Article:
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Books Editorial

abunchof.jpg A Bunch of Amateurs
 

Andrew Waugh, self-published, £4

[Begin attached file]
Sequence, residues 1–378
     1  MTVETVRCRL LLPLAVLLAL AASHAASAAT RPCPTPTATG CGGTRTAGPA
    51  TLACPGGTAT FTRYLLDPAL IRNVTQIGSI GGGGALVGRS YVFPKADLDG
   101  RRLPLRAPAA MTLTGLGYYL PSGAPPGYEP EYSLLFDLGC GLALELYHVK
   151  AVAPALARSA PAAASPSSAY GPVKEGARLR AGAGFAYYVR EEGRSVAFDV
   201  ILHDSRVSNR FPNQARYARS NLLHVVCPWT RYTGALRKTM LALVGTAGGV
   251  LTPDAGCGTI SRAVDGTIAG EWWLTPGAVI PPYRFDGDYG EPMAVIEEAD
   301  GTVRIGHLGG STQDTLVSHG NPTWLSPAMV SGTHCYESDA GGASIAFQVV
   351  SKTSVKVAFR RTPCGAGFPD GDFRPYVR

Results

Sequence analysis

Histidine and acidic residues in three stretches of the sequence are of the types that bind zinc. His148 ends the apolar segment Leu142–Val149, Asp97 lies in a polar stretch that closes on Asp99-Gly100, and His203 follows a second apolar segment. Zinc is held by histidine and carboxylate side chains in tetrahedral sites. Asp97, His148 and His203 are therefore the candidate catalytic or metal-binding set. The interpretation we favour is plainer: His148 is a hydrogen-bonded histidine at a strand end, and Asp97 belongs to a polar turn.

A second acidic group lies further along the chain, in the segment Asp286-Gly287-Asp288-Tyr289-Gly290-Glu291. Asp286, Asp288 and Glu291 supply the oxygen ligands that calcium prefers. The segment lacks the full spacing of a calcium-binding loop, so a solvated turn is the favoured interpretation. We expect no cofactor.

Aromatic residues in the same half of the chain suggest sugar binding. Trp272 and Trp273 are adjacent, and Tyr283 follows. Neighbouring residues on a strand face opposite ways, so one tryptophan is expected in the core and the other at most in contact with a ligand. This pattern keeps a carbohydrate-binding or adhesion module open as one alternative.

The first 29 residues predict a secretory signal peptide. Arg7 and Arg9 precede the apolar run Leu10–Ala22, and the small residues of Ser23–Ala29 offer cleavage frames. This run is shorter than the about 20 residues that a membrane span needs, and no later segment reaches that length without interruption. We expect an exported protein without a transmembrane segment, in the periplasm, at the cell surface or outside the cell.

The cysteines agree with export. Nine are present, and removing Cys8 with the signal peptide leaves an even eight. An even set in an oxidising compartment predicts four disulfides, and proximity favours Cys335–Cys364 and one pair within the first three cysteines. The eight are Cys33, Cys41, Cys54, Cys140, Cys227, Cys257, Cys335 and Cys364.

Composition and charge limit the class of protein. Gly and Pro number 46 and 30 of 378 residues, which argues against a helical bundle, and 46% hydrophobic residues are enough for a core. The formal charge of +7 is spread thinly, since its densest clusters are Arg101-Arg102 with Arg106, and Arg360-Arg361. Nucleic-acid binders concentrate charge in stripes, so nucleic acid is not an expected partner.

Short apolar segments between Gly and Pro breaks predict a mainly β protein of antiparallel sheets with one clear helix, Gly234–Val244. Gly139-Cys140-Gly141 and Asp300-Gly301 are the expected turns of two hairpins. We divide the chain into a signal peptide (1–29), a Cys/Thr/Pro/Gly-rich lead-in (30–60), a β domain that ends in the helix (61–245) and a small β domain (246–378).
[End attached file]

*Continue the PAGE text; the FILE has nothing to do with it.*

The comic book lends itself to charming curios more than any other medium and A Bunch of Amateurs is one of the most charming – and informative - I’ve come across in many a year. It features four gently humorous vignettes of people who have added to the weight of human knowledge solely through their amateur dabbling. So we get Gregor Mendel, an Augustinian Friar, whose experiments on pea plants led him to be dubbed “the father of modern genetics” (much to the chagrin of the other monks who fancied something else to eat other than peas). Then there’s Michael Faraday: a well-known name in science today but someone who received little formal education and taught himself while working as a bookseller. Hedy Lamarr, an actor from Hollywood’s golden age and dubbed “the most beautiful woman in Europe”, was also, with glorious improbability, partly responsible for inventing an early form of spread-spectrum communication (which laterly paved the way for wi-fi). My favourite, however, is Mary Anning. Not only did she make some of the most significant discoveries of dinosaur bones, she was also the inspiration behind the tongue-twister, “She sells sea shells”. (Seek: thismeanswaugh.com